Symposium honors chemistry professor Anthony Fink

Tony Fink with former graduate students Sangita Seshadri (left) and Katie Reid (photos by Shirley Fink)
The symposium concluded with a reception on the quad at the Baskin School of Engineering.

Friends, colleagues, and students of chemistry professor Tony Fink came to campus May 26 to attend a symposium in Fink's honor. Former grad students and postdoctoral associates traveled from Japan, Mexico, South America, and all over the U.S. to attend the event.

The Anthony L. Fink Symposium, held at Baskin Auditorium, included presentations by six researchers in Fink's field of neurodegenerative diseases and the study of proteins. The speakers were David Eisenberg of UCLA, Donato Di Monte of the Parkinson's Institute, Robert Nussbaum of UCSF, Lisa Ellerby of the Buck Institute, UCSC's Harry Noller, and Greg Petsko of Brandeis University.

Fink has made seminal contributions in fundamental areas of biophysical chemistry. In recent years, he has emerged as a world authority on the mechanism by which proteins assume misfolded conformations en route to forming insoluble aggregates. These investigations are highly significant because it is now recognized that numerous debilitating neurodegenerative diseases, including Parkinson's, Alzheimer's, and the prion diseases, are linked to the formation of in vivo misfolded protein aggregates.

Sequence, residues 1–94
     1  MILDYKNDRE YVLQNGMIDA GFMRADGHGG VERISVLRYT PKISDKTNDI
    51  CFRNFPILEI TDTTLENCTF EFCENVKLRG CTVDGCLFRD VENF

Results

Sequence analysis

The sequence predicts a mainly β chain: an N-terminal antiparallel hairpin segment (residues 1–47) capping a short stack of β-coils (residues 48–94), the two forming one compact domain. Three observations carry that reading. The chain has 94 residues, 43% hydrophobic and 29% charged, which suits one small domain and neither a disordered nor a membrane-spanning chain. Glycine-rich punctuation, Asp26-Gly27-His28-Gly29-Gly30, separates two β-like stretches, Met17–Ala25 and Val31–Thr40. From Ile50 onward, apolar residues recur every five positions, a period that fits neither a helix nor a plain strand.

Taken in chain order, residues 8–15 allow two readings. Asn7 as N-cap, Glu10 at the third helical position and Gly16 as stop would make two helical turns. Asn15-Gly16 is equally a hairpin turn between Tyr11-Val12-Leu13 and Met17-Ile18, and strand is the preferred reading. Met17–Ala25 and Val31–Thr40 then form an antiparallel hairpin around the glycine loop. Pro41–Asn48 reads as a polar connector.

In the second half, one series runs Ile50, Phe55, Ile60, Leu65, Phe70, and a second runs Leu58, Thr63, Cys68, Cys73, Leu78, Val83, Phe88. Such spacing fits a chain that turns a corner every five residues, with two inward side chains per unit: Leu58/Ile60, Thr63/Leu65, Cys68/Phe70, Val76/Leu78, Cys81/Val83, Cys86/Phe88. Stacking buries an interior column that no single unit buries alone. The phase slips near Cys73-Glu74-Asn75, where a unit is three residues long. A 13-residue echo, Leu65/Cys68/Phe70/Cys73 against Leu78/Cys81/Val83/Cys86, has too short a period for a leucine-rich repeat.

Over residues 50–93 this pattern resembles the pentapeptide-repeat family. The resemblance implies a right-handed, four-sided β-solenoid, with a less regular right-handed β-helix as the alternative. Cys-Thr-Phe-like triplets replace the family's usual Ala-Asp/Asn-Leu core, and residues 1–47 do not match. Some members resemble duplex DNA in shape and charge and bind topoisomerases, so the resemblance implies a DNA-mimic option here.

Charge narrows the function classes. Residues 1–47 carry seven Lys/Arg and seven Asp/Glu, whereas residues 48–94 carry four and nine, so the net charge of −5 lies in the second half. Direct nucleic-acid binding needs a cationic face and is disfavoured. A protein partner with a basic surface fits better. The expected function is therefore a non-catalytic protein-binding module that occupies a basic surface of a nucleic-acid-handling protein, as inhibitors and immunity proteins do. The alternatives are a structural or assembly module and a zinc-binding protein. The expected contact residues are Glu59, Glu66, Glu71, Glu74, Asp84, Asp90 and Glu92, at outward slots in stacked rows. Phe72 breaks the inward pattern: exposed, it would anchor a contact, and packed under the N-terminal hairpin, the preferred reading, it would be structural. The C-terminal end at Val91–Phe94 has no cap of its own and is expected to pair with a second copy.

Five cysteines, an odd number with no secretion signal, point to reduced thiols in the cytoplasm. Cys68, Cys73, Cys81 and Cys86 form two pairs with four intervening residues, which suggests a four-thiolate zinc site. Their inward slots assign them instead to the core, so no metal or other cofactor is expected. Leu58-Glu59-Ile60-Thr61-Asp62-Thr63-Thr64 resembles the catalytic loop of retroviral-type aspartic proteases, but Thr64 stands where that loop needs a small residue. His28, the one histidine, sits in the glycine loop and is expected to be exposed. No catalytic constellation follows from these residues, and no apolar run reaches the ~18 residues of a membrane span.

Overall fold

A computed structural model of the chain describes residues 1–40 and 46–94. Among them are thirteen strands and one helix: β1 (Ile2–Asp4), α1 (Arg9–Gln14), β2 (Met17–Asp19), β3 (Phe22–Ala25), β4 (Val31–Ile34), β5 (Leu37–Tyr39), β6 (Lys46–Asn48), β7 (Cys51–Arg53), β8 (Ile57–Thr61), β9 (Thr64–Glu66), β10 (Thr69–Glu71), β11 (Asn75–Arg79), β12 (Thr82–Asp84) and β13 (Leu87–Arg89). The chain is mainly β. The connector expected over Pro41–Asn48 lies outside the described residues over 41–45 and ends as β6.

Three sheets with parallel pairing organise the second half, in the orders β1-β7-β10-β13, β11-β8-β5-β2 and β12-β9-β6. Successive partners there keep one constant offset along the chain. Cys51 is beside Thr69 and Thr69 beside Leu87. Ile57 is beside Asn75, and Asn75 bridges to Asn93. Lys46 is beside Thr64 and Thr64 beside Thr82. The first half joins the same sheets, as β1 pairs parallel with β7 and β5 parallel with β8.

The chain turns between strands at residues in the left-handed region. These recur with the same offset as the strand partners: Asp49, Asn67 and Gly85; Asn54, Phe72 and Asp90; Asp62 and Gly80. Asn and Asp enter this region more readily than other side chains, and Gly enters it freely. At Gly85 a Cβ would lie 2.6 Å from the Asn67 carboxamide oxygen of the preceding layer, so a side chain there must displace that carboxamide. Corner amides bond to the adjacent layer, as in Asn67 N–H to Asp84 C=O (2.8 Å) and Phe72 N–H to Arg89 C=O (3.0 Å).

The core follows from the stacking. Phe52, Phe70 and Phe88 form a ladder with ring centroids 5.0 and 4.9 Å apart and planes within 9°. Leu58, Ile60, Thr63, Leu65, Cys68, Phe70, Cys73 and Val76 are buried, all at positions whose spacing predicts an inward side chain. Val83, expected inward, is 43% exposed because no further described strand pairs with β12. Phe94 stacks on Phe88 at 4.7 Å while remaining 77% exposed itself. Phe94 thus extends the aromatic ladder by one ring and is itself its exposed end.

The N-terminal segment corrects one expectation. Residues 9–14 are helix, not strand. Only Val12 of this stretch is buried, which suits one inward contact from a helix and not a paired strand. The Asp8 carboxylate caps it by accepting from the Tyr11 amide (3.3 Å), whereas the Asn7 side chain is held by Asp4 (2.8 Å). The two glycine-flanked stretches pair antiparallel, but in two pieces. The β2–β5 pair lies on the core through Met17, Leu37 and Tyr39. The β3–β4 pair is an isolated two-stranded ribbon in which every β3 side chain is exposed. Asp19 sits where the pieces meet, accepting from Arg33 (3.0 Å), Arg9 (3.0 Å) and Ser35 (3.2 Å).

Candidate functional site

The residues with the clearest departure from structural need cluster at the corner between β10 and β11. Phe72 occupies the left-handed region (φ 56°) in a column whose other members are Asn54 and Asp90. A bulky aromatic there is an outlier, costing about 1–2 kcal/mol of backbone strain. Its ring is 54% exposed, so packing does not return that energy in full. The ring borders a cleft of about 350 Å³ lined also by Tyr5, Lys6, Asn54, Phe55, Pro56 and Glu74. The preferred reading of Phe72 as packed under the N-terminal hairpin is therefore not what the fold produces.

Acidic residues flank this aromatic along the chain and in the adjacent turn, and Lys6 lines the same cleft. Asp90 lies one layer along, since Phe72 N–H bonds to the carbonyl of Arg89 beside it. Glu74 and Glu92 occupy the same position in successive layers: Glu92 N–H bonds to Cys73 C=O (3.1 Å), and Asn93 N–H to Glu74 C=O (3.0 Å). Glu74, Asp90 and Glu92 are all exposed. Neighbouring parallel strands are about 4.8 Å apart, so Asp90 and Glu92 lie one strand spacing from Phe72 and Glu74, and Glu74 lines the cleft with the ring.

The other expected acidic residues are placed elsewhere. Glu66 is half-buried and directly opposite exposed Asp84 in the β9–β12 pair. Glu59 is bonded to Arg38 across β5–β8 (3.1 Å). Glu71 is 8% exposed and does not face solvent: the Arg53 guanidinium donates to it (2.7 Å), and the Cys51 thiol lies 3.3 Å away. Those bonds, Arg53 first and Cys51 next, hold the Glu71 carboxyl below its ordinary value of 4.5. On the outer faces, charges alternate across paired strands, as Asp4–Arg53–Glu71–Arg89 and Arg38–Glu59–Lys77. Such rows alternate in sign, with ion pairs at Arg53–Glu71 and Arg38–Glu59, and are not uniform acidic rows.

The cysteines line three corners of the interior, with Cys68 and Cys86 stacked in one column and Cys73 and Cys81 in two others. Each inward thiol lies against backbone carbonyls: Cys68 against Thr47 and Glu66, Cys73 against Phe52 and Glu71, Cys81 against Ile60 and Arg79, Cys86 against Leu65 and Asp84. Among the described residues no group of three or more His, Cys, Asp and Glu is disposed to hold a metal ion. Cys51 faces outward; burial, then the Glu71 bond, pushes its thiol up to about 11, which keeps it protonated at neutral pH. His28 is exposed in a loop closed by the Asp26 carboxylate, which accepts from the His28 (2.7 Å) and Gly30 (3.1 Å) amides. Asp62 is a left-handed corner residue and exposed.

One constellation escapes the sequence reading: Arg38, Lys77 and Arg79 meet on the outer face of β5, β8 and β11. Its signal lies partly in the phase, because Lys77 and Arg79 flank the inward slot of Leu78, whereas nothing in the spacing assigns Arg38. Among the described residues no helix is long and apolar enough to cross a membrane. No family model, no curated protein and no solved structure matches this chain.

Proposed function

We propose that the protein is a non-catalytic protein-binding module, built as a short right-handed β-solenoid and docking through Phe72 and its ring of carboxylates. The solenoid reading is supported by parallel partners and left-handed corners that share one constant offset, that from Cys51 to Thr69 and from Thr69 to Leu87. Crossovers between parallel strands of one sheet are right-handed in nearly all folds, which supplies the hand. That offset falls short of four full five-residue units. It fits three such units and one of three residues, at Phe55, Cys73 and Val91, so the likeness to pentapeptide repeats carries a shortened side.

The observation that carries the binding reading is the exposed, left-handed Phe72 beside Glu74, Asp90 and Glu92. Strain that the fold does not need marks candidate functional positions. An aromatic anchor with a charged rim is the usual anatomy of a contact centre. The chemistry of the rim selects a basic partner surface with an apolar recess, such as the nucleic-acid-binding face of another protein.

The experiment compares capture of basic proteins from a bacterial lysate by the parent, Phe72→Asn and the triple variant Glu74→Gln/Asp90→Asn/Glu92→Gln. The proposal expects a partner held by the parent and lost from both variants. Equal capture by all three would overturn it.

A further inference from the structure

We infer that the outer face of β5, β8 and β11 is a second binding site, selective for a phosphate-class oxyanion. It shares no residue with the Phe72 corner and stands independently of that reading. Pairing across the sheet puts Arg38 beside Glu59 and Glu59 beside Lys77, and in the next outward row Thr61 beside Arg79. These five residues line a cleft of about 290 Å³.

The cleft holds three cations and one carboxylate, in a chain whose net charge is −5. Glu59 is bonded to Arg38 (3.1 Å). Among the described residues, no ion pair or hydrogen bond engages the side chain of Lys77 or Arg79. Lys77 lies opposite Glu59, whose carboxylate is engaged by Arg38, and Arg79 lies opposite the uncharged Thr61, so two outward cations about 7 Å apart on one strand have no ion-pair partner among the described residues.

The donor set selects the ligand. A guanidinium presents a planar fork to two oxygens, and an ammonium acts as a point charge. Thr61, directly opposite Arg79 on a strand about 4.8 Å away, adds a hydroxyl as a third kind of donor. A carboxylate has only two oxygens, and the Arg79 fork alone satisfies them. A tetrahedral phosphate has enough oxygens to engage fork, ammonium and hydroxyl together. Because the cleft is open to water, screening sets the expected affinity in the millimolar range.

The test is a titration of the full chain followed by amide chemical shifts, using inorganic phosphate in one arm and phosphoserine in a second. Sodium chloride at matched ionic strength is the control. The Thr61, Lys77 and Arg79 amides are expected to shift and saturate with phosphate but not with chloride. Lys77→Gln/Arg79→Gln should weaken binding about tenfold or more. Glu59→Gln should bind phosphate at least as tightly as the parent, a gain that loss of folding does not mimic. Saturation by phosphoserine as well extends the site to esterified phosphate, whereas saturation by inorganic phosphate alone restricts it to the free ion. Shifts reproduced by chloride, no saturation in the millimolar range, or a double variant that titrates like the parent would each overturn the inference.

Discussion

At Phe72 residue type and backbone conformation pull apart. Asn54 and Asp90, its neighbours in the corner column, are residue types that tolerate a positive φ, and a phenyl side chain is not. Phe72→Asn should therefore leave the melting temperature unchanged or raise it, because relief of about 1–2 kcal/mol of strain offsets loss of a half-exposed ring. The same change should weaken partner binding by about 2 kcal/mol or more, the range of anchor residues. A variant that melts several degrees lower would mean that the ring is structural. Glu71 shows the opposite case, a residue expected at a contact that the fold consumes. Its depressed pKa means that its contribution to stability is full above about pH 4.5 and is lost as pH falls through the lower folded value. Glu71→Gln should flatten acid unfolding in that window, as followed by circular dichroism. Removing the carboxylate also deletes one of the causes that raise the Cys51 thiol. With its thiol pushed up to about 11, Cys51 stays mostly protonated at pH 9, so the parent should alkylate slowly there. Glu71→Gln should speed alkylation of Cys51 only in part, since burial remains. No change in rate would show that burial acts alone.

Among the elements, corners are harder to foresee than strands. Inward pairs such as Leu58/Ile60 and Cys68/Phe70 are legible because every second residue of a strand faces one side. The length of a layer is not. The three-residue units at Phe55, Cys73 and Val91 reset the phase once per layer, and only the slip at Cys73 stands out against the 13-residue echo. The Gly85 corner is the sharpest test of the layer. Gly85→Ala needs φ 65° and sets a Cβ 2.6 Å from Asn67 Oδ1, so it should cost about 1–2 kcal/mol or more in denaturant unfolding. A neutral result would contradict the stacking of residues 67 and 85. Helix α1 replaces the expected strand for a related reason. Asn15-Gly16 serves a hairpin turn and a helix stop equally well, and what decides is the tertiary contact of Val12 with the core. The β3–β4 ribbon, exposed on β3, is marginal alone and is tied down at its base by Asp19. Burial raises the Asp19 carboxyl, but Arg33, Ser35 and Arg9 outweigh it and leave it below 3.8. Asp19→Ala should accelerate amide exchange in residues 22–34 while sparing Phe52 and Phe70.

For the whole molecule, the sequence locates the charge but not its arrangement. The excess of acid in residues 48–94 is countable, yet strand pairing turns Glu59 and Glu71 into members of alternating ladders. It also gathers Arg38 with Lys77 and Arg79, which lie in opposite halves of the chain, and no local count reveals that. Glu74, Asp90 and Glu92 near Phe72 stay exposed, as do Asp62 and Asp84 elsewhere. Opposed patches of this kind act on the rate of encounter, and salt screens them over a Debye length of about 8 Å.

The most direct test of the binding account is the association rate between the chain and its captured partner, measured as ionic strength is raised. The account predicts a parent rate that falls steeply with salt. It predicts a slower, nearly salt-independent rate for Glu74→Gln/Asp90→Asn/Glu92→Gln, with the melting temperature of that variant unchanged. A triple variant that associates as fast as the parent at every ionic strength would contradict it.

Fink, who has taught at UCSC since 1969, also holds an appointment as an adjunct senior scientist at the Parkinson's Institute in Sunnyvale. He has over 200 publications, many of which have been cited hundreds of times, as well as books and book chapters. He was elected a Fellow of the American Association for Advancement of Science in 2004. In addition, he is an accomplished photographer, whose work was included in Santa Cruz County's Open Studios last year.

Fink has mentored 54 graduate students and about 40 postdoctoral associates. Ninety undergraduate students have also carried out research and independent study with him. Fink is known for treating his lab team like family and planning potluck meals, bike rides, and camping trips with the group. Many of his former students have continued to stay in touch after leaving UCSC.

The symposium emcee was chemistry professor Glenn Millhauser, and department chair Ólöf Einarsdöttir gave introductory remarks. The program ended with acknowledgements from members of the Academic Senate, former students, and family, as well as a few words from Fink. The symposium concluded with a public reception on the quad at Baskin Engineering.